- Close loop holes that allow corporations to pay little or no federal income tax. Especially eliminate all tax exemptions for research and development for companies/corporations that have earned profits of better than 10% and have a net worth of over $10,000,000 (these figures are arbitrary pending further study and debate);
- Institute severe punishments for insider trading by elected officials and staffers. No one may buy or sell stocks in any corporation for which pending legislation may have a financial impact. All stock holdings must be placed in blind trust the moment a person announces his candidacy and no politician may vote on legislation that might positively affect the entities in which he has holdings;
- Levy a 1% tax per dollar value on all stock market trading. Use the revenue strictly for education (although I’m toying with the idea of eliminating stock markets in the U.S.);
- Raise income taxes on hedge fund managers to the appropriate level of their wealth;
- Make corporations responsible for 100% of environmental damage and individual citizen losses due to corporate environmental damage. After a short investigation into individual claims conducted by an independent party, a corporation would not be allowed file appeal but would have to pay up for damages as well as punitive fines. This should be overseen by either the Department of Justice and/or the CFPB.
- Create robust incentives and punishments for corporations based or operating in the U.S. to keep factories and jobs in the U.S. (e.g., outlaw the buying of foreign steel for U.S. projects). Yes, this would definitely boost prices somewhat (as would the minimum wage of $15 per hour), but to an insignificant degree while boosting every minimum wage worker’s income and greatly stimulating the national economy through greater demand for products.
- Remove the cap from the Social Security tax. The wealthy should pay no less than the same percent as the highest bracket of the middle class. Where the maximum rate (the current cap) stands, the rate for all higher incomes could simply flatten at that level. This would make Social Security solvent in perpetuity.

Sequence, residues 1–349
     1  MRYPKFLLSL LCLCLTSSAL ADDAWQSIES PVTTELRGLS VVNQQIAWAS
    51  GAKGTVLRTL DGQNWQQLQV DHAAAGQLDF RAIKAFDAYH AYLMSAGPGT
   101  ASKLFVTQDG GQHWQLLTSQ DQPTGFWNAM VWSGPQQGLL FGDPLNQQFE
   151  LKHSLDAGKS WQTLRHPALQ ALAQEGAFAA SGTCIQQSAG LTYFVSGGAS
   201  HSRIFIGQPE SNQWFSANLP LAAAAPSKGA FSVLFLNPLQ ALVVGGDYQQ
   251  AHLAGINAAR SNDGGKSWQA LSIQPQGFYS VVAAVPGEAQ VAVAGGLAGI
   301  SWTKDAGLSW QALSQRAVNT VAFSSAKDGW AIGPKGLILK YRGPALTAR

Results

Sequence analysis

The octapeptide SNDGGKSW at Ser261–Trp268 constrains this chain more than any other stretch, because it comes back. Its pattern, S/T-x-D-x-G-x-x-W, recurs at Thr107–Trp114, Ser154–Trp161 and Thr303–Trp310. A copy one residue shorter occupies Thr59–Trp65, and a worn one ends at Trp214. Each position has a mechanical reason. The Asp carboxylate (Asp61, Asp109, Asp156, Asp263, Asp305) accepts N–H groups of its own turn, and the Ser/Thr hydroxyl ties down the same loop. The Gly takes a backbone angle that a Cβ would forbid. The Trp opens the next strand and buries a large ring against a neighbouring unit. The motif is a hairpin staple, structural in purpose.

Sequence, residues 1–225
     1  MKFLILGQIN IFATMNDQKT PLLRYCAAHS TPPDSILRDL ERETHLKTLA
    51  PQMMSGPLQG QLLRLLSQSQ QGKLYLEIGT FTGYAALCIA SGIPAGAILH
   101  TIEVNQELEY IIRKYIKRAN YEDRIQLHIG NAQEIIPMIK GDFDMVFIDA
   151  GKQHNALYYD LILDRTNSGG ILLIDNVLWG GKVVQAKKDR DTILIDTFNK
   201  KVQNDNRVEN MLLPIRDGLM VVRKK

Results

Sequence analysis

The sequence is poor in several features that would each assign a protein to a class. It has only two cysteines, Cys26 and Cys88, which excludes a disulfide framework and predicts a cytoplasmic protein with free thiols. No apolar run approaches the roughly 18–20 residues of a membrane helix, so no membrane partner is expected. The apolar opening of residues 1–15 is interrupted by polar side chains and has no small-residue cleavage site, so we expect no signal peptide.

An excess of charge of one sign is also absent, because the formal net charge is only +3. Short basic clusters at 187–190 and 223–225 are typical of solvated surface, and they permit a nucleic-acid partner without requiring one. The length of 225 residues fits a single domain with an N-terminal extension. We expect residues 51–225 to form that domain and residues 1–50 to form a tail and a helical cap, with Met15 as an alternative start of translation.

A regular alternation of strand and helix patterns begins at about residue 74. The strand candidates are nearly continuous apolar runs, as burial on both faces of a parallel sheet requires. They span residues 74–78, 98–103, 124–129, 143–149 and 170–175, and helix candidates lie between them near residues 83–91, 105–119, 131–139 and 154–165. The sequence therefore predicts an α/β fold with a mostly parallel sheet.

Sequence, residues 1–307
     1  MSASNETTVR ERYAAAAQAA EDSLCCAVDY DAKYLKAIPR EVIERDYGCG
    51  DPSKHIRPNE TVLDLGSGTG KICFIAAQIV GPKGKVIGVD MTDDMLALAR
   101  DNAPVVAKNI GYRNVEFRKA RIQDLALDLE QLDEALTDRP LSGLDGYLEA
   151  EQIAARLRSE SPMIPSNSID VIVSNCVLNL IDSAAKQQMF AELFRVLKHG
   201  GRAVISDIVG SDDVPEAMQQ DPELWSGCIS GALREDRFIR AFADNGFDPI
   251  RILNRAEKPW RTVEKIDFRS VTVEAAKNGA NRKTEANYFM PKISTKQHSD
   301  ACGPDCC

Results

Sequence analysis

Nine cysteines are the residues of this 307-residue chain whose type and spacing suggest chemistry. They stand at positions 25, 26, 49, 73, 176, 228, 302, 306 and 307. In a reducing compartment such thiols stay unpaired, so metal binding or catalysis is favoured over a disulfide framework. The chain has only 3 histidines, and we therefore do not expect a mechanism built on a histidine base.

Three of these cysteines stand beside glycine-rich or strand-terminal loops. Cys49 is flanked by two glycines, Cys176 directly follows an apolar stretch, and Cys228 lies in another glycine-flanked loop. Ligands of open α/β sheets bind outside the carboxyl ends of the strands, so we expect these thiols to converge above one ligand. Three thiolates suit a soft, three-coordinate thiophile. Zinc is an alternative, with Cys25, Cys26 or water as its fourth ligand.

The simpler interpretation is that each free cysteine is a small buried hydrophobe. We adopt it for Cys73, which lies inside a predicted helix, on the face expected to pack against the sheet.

- Strengthen the federal government’s role in all education. The need for a well educated and informed public, especially in civic and social studies, is critical for the strength of the republic. This necessity outweighs States’ rights to decline to teach such subjects. (see section B below);
- Pass a robust minimum wage law, and fix it to a point above the estimated poverty level. This likely will require a new model of how “poverty line” is evaluated, likely based on the cost of living in the major cities in certain zones of the nation (such as the New York City in the Northeast, Miami in the Southeast, etc.).
- Convert the Affordable Care Act to a Single Payer system. Contrary to the propaganda from the corporate-centric conservatives, a single payer system (universal healthcare) would not be a government take-over (or socialization) of the nation’s healthcare industry. It is a socialization of basic healthcare finances in order that all Americans would be covered at very low cost. Basically, it would simply be universal, enhanced Medicare, and the cost would be far less for everyone than corporate health insurance is now. Corporations would still be free to sell policies for procedures not covered by single payer. Note that corporate healthcare insurance is based on profitability. With Single Payer, there is no profit incentive on the part of the government—just sustainability.
- Mandate a full week of open polls for federal and State elections. All American citizens must have easy access to the polls;